"I'm not taking any chances." Dad had that look in his eyes that he got from time to time, that steely look that meant no one was ever going to change his mind, not even Mom.

"Alright," Gabbi sighed, placing Essie back in her own chair before getting up. If she stayed here she was going to scream, rip her hair out, or both. "Thank you, Delia, for sentencing me to months of solitary confinement."

"Gabrielle, it is not all that," Mom said, a frown pulling at her lips. Delia looked like she had some sort of comeback, but Gabbi didn't give her time to speak.

"Easy for you to say. You don't have to live with it," Gabbi replied, finally sick of being quiet. "The way you all keep treating me, like I'm something to preserve...I hate it. I might as well already be dead."

Mom had tears standing in her eyes and Dad looked a little grayer, but Gabbi couldn't bring herself to regret saying it. It was a low blow, one that Gabbi didn't pull often, but it had to be said. It wouldn't change their minds or stop them from placing her under house arrest for 'her own good', but it made her feel better. It made her feel like she was still there, like she wasn't dead yet.

Now, it was Gabbi's turn to leave the dining room.

What a fabulous breakfast.

A/N: Wow, hello everyone, and welcome to the third installment of the To Build a Home/Princess, Interrupted universe that I promised wayyyyyy back in the winter. Oops. A lot has changed since then; I've graduated from pharmacy school, been job hunting...but better late than never, right?

The set up of this story will be...different. In poor summary, this story will revolve around six interwoven story lines of the six Kinnley children, because apparently I REALLY like making myself suffer, but I think it will be worth the pain if I can pull it off. It will also include some "interludes" where I insert micro-stories about your faves (any Heather fans out there? She's back and getting her own some point). However, I am not writing things willy-nilly; I do have an outline that I will follow.

This story is filled with old and new faces! Unfortunately for new readers, that means you probably will have to read the other two stories to get a complete sense of what's going on - unless you don't mind jumping in with all the spoilers in the water. Since the Kinnley kids were only briefly touched upon in PI, new readers can probably piece together the back story of all the adults along the way if you really want to.

Now, to the question everyone is asking: will there be a Selection? The answer is yes...and no. There will be a Selection aspect to this story, but please understand that it will not be the main focus. The Selection, and the Selected, will not be featured every chapter. I cannot even promise they will be featured every other chapter. This story is more to satisfy those who have followed the other two stories and want to see their faves in action.

That being said, I will accept FIVE (5) male characters to be a part of Princess Delia's Selection. Now, you may ask, "why so few?" See the above paragraph. There are also about 20 new characters of my own that I am introducing in this story; I don't have the creative juices to fit in 20 more external OCs without screwing everything up. I think five is a suitable number that will allow me to develop the characters decently. I have learned from past stories that I really only end up focusing on about 5-7 characters fully anyway. I want to be able to do these characters justice in the time they're featured.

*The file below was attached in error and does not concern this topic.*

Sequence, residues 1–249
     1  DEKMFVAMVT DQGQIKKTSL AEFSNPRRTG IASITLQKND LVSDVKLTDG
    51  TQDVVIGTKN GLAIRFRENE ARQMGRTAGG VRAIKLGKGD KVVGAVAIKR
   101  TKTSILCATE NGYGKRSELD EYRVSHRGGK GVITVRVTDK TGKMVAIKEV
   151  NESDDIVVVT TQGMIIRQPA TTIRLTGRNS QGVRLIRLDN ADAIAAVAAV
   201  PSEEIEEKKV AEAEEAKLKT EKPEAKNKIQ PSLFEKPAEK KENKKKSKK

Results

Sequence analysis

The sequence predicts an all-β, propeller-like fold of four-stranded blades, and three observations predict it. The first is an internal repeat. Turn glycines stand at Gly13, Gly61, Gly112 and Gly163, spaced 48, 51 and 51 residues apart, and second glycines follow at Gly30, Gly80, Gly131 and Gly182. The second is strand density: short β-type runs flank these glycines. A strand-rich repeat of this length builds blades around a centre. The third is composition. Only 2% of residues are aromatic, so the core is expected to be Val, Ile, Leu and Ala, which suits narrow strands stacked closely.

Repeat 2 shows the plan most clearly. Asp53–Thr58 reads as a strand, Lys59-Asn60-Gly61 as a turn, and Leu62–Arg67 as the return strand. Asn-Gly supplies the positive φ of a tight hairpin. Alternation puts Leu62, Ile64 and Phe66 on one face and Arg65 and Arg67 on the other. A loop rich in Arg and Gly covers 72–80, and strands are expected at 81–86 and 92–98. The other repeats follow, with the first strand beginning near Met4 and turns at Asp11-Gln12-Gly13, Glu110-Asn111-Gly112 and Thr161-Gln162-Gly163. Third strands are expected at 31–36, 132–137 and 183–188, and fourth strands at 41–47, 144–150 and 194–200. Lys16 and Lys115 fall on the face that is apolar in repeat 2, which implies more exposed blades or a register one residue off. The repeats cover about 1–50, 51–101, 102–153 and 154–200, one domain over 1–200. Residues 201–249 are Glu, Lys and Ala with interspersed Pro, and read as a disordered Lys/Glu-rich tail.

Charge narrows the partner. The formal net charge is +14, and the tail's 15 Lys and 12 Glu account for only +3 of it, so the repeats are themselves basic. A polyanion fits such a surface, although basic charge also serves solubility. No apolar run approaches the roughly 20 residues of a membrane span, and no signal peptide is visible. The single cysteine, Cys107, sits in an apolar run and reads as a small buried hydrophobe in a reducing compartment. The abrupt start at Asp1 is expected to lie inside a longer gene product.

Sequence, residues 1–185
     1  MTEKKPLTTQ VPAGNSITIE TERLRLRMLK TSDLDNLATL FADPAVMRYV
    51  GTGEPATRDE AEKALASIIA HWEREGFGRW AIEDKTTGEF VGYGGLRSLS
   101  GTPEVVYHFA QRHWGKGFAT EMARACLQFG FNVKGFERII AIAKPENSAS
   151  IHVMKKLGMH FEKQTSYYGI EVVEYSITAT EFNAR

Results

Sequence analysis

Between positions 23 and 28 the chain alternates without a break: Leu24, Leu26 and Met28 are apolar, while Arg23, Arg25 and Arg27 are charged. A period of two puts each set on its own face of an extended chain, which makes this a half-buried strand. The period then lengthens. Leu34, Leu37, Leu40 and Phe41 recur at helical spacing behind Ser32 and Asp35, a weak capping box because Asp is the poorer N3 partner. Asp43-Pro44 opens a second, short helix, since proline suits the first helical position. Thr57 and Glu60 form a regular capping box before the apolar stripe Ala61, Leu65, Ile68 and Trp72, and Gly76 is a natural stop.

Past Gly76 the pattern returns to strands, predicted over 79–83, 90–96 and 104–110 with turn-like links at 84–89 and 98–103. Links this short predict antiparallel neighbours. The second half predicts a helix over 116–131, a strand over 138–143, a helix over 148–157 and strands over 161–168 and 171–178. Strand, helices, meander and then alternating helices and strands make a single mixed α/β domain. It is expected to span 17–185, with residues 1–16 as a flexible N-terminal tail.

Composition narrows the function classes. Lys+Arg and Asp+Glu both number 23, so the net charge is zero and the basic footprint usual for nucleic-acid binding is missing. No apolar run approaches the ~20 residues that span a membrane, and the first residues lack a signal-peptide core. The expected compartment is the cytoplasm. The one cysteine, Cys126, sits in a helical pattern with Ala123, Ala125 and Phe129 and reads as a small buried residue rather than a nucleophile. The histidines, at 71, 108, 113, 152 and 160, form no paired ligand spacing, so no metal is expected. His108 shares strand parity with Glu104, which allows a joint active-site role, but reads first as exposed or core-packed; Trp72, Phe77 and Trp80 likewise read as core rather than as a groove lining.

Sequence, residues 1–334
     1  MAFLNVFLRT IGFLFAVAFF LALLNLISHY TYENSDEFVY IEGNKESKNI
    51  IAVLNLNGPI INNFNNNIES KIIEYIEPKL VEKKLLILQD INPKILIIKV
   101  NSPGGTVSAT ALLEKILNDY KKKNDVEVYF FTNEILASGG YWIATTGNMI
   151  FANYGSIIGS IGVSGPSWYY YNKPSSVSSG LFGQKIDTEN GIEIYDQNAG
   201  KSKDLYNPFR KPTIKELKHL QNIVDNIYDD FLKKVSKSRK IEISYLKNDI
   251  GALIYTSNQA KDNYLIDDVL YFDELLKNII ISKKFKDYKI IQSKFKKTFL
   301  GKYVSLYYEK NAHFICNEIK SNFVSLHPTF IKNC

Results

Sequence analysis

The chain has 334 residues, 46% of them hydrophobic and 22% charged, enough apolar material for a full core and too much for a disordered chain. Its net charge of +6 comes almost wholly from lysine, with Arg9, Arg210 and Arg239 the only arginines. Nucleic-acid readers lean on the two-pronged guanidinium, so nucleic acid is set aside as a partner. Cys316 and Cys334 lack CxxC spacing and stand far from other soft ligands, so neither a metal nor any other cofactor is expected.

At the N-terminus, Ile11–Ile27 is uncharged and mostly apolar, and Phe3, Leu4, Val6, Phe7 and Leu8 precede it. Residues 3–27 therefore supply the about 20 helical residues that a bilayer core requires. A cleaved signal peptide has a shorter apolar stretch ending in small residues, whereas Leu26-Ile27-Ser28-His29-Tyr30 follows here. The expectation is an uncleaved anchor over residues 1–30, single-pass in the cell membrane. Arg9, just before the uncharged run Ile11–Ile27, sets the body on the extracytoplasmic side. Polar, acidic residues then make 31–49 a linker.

Rules will be the same as past Selections:

Basic guidelines to follow: Male, Illéan, between the ages of 18-24 (Delia is 19 for reference)

1) No recycling characters from other SYOCS. Trust me, I will know.

2) Diversity, Diversity, DIVERSITY!

3) No one can be related to or friends with any royals or previous Selected. From any country. From any story, canon or otherwise. At all. Whatsoever. That includes friends of friends, family members, babysitters, pets, etc...having these connections as well. Your character also cannot be royal/noble. Sending me these characters will result in automatic rejection. I don't have the time to figure out how my 20 new OCs met your OC. Caveat: politician's sons are acceptable so long as they have not had any substantial contact with the royals.

4) If employed, please make your character's job reflects their age. I do not want to see any 18 year old CEOs or editors in chief. If they're 22 or younger, it's very likely they're still in college, or even high school. Let's aim for realism.

5) Submissions through PM only. I need that line of contact in case I need to ask questions about your character. And please, for the love of all that is sacred, detail your submission forms. The more information you send, the more likely I will be inclined to like your character.

6) Authors may submit as many characters as they want, but I will only accept one character per author.

I'll have submissions open until I find five guys that I really vibe with. If I don't get back to you immediately, please don't feel like I'm ignoring you. I'm probably just dealing with real life stuff.

Like my other Selection stories, you can find inspo on Pinterest, where I am under the same name: Ruby Casablanca.

Fun fact from your freshly-minted PharmD: Organ transplants do not last forever; average lifespan after heart transplant according to the American Heart Association is about 10 years. Gabbi's immunosuppressive regimen is modeled after ones we give real life patients - a cocktail that includes 3 classes of medications: a steroid, a calcineurin inhibitor, and an anti-proliferative agent. While these meds keep your body from rejecting an organ (most of the time), they do that essentially by shutting down your immune system so that your body is physically incapable of mounting an attack against the foreign material. This is great for the organs! But can cause some pretty terrible consequences to the host.

If y'all ever want advice on how to realistically harm/treat your characters with fancy diseases, I'm here to help (PSA: WebMD is trash - don't use it).

That's all I have to say for now! Until the next update! Happy submitting!